Stefan Says So: I Hate Luv Storys
The title plays up on how unbelievable love stories can get, and despite its ripping apart the classical romantic films by Dharma Productions and Yash Raj films in the opening, and throughout the film, ultimately this one proves to be quite hypocritical in a sense that it too cannot come to grips with its battle against cliche, and falls prey to the tried, tested and tired formula of a romantic comedy. As the saying goes, if you can’t beat them, join them.
However it has its youthful, eye candy cast added to its advantage as it plods through its rather meandering and cumbersome plot, involving J (Imran Khan), a production assistant who has worked on countless of romantic films by hotshot director Veer Kapoor (Samir Soni), and Simran (Sonam Kapoor), who is employed under the same production umbrella.
To J, work means a constant rolling of the eyes because he just doesn’t subscribe to nor see the appeal of formulaic romantic movies, even if his employer is the best in the business. And for Simran it’s just the reverse, feeling privileged to be part of movie magic, as she expounds her own blissfully perfect relationship with fiance Raj (Sammir Dattani).
So begins the clash of the believer and the non-believer, made worst when J is ordered to be working under Simran who is the new art director for Veer’s upcoming love saga, Pyar Pyar Pyar, which I have to admit that writer-director Punit Malhotra managed to weave in a film in production within a film, that drew nice touches of parallels between J and Simran’s developing love affair, until the final act which somehow had to conform to hammed up cliches.
On one hand, I thought it was quite brilliant to get the audience engaged through two levels, one which is the reality the characters live in, and the other the ultra-hyped film reality which exists in Pyar Pyar Pyar, with extremely over the top performances and delivery used to elicit plenty of laughter, especially from fans of Bollywood romances.
We’d expect the usual clash of the opposites, where J the non-commital playboy unwittingly turns on his charm on the on-the-way-to-blissful-marriage Simran, who by the time the interval rolled by, is at odds with wanting to settle down with the man she thought will provide that level of stability through routine, or someone who’s more of the livewire even if you started out hating the guts of the person? The story seems to play on the theme of close proximity having that big a role to play in demolishing stability, and like all nicely crafted cliches which you can see coming from a mile away, J and Simran inevitably fall in love, which takes one of them by surprise, leading to plot development reserved for after the interval.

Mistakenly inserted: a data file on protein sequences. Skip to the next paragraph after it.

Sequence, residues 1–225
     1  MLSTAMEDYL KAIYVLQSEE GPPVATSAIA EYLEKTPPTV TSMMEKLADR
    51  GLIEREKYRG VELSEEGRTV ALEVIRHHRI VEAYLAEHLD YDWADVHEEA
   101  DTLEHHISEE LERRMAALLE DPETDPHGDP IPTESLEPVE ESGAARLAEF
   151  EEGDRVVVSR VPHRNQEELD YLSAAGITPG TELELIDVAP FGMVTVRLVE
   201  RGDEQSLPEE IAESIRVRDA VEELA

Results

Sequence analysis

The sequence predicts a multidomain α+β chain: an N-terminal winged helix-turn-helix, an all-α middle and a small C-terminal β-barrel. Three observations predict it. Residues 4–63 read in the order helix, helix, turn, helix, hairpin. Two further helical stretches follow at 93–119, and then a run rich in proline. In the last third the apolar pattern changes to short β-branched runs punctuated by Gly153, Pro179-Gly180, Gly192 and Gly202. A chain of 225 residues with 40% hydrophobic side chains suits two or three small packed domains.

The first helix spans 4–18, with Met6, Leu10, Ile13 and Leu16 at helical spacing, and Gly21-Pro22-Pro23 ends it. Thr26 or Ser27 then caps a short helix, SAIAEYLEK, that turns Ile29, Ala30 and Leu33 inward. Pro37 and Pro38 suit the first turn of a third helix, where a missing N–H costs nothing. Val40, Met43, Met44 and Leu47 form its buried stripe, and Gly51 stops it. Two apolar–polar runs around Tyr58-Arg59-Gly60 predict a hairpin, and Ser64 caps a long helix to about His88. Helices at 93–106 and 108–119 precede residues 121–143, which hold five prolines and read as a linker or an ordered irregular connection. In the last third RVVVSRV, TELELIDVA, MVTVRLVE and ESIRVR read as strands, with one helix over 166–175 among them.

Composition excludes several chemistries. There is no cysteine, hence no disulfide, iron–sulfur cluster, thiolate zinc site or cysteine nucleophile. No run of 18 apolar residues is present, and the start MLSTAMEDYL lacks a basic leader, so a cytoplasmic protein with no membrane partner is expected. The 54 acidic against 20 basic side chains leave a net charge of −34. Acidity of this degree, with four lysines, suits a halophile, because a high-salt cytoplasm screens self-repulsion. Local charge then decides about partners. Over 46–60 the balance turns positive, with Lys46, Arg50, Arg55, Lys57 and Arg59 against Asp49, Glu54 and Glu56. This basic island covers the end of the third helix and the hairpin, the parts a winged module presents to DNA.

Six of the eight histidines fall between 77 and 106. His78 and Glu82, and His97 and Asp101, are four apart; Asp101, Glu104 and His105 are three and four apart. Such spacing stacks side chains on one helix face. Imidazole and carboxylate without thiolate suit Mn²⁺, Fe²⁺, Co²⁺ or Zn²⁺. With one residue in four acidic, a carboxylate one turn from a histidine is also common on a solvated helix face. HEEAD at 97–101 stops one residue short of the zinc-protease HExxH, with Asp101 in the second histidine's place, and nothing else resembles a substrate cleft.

If not for the young film starlets as the leads, it’ll be quite hard to imagine how love can make them do silly things, with plenty of assumptions drawn up that the characters inevitably fall for. Nothing new gets added to the flavour of the story, and while it doesn’t stand out, it also doesn’t fall flat on its face as well, making this a simple, breezy romantic tale to sit through.
Imran Khan pulls through his J quite effortlessly, since I suppose the easy-going, good natured guy is almost always easier to play as opposed to Sonam Kapoor’s emotional Simran, who has ample opportunity to show her acting chops in what’s only her third major role in her film career, compared to contemporary peers such as Ranbir Kapoor, or even Deepika Padukone.
Perhaps the only thread of interest here to sustain your attention will be the numerous film references from dialogues to sets and even downright spoofs, or if you’re the incurable romantic, then yes, this film will be right up your alley.